Hegel believes, like most people, that the preamp is the system’s most critical component. For this reason, the boss himself, Bent Holter, has gone a long way to make it as good as possible. The FET transistors used have only lower-order harmonic distortion, and each individual transistor has been carefully inspected. In a production batch of transistors, there can be minute variations that are insignificant in other contexts, but here they are measured individually to find perfectly matching transistors. Fortunately, the signal won’t pass through many transistors. Hegel settles for sending the signal as short a distance as possible and sends it through only two transistors and a volume control with extremely low noise.  Hegel uses its patented Sound Engine in its products, and P30A is no exception. This performs active monitoring of the signal, and corrects intermodulation distortion using a feed-forward design and removes the distortion in real-time when the signal is amplified.  Together with the full-balanced design, the aim is to make the preamp extremely quiet, precise and sensitive, and without distortion so that the signal is as close to the source material as possible. Whether it comes from a CD, streamer or turntable amp. If we look at the specs, they state a signal/noise ratio of more than 130dB (balanced).


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A powerhouse of an amplifier

It’s a bit odd that two Norwegian power amps should reach the market just a few months apart. We have already experienced the big new power amp from Electrocompaniet, and now we’re here (a bit worn in the back) with Hegel’s H30A. Hegel’s model weighs in at 54 kilos and has an output of a whopping 1,100 watts in 8 ohms as a mono power amp. This makes the two Norwegian amplifiers strangely similar in both performance and weight.  Hegel’s H30A is quite powerful, in other words, and it is stated that it is built as a mono amplifier, but with the possibility of stereo – as we’re doing in this test.  It should be stable down to 1 ohm and has enough power for anything in terms of speakers. An impressive power supply and no less than fifty-six 200 watt/15 ampere bipolar transistors make this possible. But power isn’t the only point. The power amp necessarily has to be a good match for the preamp and has to be just as detailed and articulated to make any sense.


P30A back.pngPremium sound 

Most of you have probably noticed that we have a Hegel H590 integrated amplifier in our equipment arsenal. This time it gets the more than dubious job of being a negative reference when we start playing music on P30A/H30A. It gets solid power from Anzus, XLR and speaker cables from Chord Company and a Matrix element X2 as a streamer/Dac and second preamplifier. The speakers are a pair of Kerr Acoustic K320. After a couple of days of warm-up, the Hegel amplifier is ready to play. I disconnect Hegel H590, connect the preamp and power amp, and say to myself after a couple of minutes: “Oh, is it that good?” And it actually is.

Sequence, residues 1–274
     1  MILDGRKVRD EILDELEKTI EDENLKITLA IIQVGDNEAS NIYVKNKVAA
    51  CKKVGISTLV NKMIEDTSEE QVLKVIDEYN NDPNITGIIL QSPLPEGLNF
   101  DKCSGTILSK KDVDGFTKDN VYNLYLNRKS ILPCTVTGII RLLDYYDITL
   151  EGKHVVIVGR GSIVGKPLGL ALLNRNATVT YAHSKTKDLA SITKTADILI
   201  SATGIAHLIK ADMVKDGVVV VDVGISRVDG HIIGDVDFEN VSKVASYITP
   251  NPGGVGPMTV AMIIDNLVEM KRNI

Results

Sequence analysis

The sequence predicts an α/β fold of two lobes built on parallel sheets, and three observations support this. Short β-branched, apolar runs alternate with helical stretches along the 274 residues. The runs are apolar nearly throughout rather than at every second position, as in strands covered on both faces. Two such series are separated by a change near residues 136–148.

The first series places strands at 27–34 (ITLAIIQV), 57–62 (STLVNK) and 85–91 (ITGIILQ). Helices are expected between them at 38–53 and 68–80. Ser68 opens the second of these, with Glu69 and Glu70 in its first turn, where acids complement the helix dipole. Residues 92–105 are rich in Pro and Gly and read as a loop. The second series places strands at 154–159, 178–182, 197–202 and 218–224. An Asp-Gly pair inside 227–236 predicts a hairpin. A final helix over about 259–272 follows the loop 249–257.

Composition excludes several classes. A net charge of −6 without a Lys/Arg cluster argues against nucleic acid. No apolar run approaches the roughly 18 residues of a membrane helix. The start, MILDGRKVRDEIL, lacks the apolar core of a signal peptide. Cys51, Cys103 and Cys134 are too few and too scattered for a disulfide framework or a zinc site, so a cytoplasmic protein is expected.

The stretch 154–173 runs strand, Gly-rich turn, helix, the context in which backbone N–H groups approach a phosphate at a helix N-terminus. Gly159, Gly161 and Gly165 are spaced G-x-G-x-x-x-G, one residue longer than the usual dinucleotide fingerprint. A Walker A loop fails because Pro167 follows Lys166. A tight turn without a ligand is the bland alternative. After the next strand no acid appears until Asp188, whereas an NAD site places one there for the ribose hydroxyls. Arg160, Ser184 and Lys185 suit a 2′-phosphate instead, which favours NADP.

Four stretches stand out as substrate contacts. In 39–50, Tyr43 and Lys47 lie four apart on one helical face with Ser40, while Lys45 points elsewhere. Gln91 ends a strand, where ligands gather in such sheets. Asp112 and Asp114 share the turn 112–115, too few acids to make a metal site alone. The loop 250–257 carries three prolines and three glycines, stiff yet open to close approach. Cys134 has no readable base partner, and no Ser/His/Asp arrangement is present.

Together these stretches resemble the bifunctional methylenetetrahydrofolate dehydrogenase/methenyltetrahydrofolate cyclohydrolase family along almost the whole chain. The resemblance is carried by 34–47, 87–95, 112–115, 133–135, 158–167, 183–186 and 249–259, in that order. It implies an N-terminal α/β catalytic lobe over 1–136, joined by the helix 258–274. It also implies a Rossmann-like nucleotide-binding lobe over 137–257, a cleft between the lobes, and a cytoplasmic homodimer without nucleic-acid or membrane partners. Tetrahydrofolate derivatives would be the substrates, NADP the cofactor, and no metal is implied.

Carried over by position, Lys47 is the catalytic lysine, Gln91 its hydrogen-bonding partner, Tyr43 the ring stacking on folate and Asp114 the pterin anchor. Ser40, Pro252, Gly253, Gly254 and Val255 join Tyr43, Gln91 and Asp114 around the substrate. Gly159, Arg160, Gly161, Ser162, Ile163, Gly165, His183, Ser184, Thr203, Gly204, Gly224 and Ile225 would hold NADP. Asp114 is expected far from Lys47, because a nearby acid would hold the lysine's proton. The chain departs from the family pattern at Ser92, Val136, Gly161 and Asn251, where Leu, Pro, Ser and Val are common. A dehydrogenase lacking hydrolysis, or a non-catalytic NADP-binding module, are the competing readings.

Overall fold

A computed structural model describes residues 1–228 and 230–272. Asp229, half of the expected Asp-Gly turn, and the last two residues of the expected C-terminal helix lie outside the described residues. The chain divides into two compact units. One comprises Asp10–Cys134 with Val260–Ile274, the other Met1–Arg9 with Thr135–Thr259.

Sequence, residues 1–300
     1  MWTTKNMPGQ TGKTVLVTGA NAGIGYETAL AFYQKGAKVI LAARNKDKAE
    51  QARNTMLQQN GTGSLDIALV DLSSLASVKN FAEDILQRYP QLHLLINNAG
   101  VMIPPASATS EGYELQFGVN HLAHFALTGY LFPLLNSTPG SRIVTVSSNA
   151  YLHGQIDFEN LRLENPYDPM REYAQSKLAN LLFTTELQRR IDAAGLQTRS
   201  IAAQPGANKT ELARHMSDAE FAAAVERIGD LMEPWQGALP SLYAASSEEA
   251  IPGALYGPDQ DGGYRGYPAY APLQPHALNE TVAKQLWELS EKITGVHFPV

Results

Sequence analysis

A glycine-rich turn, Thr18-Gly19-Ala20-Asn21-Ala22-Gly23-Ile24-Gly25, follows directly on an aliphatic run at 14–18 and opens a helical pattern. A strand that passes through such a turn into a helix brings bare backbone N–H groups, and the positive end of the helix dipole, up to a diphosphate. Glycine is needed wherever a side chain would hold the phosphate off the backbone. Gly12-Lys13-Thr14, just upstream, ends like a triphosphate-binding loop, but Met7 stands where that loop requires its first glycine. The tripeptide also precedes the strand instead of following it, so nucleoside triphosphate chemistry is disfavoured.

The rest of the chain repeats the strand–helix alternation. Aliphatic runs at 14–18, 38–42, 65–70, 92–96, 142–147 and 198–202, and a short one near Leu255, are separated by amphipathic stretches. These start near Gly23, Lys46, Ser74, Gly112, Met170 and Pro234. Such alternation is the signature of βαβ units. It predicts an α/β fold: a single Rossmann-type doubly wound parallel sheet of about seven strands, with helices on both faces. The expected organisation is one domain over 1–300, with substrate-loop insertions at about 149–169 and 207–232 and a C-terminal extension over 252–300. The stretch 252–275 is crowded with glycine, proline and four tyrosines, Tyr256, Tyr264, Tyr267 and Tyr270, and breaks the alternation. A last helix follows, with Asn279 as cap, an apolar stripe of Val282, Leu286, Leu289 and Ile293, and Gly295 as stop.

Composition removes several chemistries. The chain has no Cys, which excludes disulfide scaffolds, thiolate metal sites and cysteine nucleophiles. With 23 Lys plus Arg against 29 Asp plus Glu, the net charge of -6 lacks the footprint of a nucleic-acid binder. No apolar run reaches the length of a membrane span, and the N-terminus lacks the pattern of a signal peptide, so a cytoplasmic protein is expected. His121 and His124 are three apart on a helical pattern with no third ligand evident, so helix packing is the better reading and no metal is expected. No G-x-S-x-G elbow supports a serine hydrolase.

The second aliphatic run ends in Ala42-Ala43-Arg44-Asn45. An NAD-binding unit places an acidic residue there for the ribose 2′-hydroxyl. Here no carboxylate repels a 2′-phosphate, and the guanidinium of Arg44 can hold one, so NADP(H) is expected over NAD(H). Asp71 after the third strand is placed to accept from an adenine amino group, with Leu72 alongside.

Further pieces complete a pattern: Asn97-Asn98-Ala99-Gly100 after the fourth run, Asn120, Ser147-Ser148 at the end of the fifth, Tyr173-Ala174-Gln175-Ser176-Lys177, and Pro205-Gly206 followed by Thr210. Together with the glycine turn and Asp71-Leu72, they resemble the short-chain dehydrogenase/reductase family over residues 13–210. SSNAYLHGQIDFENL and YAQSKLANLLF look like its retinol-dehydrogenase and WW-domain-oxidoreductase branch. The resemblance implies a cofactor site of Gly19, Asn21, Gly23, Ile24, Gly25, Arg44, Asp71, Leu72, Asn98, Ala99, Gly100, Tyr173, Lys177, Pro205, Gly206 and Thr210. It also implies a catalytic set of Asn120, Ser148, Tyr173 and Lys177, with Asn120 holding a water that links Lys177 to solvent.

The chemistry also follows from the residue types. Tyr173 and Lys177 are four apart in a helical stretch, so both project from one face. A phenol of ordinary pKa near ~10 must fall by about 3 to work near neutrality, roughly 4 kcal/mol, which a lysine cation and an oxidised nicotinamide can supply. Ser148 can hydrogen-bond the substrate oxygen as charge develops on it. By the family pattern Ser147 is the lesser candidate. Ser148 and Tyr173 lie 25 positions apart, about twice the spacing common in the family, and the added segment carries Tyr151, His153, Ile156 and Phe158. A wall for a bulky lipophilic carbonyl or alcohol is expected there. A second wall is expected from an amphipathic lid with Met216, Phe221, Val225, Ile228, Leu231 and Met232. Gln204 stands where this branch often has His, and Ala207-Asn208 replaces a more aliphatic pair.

I could probably have imagined the overwhelming power, impressive dynamics and luscious way of playing, and not least the depth of the bass, but I hadn’t even dreamt of the clarity of the sound and the amplifiers’ ability to bring out details. Of course, my speakers aren’t particularly difficult to handle, but in any case, you hear that the amplifier barely cares about the connected speakers. Like at the Horten Hi-Fi fair when they powered the incredibly impressive Dali Kore speakers. There is an authority here that I have never experienced in quite the same way at home. I imagine that the amplifier cares as little about my speakers as a huge truck pulling a tiny caravan. Yet it isn’t the power and the ruthless control that are most important to the body’s internal goosebumps machine. Instead, it’s the details, and the way it draws information from the source that I’m left listening to. Even though there’s more of everything I appreciate in a stereo system, it provides an insight into the music that is really impressive. But with so much detail and such an open and clear soundscape, one can easily tip over into the analytical and cold, but fortunately, it doesn’t. Still, you don't get the warmth you need to save your rickety Rolling Stones records. What emerges from the speakers is a neutral and highly believable musicality – completely without sharp edges or hardness in the treble range.  Although Hegel talks a lot about the treble and bass, it is perhaps in the midrange and mid-bass that it differs from other equipment I have had for testing. It has tempo, precision, details and absolutely raw dynamics that make the music delightfully engaging and fun to listen to, and it packs a punch while at the same time the midrange is both smooth and refined.